Once you feel the sauce thicken as you are whisking, remove the sauce from heat, stir for another 30 seconds or so to release some heat so it doesn&rsquot continue cooking. Then use your Hollandaise sauce immediately. Or, keep a lid on it until ready to use so the top does not dry out and form a layer you&rsquod need to skim off.

Check out this video showing how to make Hollandaise sauce using a sauce pan:

Don&rsquot forget these tips for success:

The main thing is, don&rsquot stop whisking. You have to keep stirring so your sauce doesn&rsquot get chunky.

You need to keep the heat low too. It can be tempting to crank the heat up higher to cook things faster but just be patient with this one. It only takes a couple minutes of whisking before the eggs yolks cook and the sauce starts to thicken.

Make sure you remove the pot of sauce completely from the heat, don&rsquot just turn off the burner or you can overcook the sauce.

Try the microwave version.

If you&rsquore feeling confident with your ability to make the stovetop version of this sauce, you might be ready to try the microwave shortcut.

Wait. You can really use the microwave to make this sauce? Yep. The mircowave has long been used to cook breakfast foods from eggs to bacon. So, yes, you really can actually make Hollandaise sauce entirely in the microwave.

All you have to do it combine the melted butter (so microwave the butter first by itself) with lemon juice, whisked eggs, warm water or milk and cayenne pepper in a glass bowl. Then microwave in 15 second increments, whisking in between. For about 30-45 seconds until it&rsquos thick.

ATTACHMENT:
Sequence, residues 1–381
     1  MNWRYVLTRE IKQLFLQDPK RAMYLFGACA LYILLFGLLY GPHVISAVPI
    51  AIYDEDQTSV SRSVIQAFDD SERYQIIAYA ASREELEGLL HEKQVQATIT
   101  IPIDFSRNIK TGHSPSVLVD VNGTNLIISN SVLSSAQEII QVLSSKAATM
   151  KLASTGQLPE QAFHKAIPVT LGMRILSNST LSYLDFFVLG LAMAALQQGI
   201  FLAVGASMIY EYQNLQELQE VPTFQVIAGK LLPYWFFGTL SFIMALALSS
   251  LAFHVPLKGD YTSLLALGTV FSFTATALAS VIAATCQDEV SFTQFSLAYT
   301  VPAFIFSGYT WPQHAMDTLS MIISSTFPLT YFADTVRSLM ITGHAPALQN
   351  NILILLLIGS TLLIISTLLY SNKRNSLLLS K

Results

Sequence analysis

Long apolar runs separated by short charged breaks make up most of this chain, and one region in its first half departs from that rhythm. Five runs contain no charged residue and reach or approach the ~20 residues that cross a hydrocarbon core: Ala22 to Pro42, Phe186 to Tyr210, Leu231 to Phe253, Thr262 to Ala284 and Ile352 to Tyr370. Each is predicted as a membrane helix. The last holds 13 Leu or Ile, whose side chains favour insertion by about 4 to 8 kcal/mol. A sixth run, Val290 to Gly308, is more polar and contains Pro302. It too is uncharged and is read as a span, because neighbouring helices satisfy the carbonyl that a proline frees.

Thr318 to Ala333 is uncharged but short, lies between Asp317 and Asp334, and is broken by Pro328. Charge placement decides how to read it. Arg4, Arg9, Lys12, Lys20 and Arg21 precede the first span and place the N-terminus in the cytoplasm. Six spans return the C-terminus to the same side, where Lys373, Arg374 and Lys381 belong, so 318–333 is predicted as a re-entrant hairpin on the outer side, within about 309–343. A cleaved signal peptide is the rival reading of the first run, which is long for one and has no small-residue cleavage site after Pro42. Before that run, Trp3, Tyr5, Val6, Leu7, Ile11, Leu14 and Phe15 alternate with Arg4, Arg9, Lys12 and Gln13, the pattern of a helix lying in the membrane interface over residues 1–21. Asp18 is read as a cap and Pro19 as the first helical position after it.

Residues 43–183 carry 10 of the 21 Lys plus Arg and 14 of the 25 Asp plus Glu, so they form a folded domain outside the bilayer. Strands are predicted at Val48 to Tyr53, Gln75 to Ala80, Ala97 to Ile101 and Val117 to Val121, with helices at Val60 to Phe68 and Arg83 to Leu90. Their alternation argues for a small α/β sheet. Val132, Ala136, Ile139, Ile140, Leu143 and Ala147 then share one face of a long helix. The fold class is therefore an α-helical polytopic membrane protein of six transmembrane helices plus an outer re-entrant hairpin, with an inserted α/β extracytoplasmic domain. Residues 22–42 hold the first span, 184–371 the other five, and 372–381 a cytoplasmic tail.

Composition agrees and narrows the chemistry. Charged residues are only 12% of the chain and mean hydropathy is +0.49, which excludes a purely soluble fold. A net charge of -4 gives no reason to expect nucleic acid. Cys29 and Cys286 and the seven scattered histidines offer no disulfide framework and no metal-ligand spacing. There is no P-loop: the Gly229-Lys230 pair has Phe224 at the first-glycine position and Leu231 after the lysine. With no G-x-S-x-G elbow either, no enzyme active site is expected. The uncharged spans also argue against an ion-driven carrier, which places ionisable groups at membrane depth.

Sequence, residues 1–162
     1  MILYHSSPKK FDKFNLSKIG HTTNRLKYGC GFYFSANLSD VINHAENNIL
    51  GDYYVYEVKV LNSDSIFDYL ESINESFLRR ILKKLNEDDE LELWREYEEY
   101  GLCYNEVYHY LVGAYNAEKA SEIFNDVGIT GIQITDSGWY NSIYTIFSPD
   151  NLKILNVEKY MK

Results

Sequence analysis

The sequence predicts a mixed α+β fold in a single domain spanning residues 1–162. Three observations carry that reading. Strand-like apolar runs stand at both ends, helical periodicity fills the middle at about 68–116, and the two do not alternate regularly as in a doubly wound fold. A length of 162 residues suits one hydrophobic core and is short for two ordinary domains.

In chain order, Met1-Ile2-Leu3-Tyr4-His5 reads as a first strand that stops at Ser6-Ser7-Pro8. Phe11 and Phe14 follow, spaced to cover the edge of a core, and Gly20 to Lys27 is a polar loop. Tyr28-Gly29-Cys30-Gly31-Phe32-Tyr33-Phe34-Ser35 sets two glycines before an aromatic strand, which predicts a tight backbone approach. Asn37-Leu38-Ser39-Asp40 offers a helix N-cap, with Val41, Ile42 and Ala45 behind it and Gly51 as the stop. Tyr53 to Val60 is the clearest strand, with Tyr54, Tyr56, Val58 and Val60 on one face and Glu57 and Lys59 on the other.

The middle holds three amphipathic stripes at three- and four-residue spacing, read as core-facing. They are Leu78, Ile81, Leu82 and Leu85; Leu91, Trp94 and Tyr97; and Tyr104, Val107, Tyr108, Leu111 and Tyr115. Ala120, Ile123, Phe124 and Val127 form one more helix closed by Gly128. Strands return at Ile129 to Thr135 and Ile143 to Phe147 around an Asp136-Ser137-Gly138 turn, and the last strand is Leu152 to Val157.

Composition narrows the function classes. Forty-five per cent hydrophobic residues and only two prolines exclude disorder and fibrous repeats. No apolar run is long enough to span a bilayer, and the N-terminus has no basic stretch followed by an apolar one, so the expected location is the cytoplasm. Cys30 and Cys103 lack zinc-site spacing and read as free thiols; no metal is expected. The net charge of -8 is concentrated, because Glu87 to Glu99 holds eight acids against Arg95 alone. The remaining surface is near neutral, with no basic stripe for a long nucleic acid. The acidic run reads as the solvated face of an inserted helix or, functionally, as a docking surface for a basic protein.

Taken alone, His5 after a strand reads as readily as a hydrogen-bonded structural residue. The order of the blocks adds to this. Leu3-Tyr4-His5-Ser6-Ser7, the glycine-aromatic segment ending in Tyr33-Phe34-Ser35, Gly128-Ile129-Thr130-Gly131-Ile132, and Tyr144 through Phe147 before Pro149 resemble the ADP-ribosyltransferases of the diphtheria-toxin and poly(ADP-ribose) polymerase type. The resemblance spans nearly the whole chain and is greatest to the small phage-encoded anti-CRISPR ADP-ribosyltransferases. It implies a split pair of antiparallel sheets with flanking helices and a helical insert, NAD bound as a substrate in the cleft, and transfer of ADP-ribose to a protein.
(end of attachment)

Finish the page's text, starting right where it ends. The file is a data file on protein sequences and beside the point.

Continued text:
Side note: You can also melt chocolate using this same method!

Hollandaise & Eggs Benedict

Be sure to try my Eggs Benedict Casserole topped with this sauce!

Or if the more traditional Eggs Benedict is your style, check out my classic Eggs Benedict recipe.

Breakfast, the best meal of the day?

I could argue that it is! Browse all my breakfast recipes for more breakfast ideas.


  1. Fill a medium pot halfway with water and bring to a simmer. In a metal bowl that sits atop the pan without touching the surface of the water, whisk together the yolks, vinegar, and ¼ cup plus 1 tablespoon cold water. Whisking constantly and regulating the heat of the stove to avoid boiling, cook the egg mixture until the yolks are lighter in color and a ribbon consistency has been formed, 2–4 minutes. Turn off the heat, but leave the bowl atop the hot water bath. Slowly begin drizzling in the hot clarified butter a tablespoon or so at a time while whisking continuously, being sure that all of the butter has been emulsified into the egg mixture before adding more. Once all of the butter has been added, season the sauce to taste with lemon juice, salt, pepper, and cayenne. Use immediately.

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Anything Else?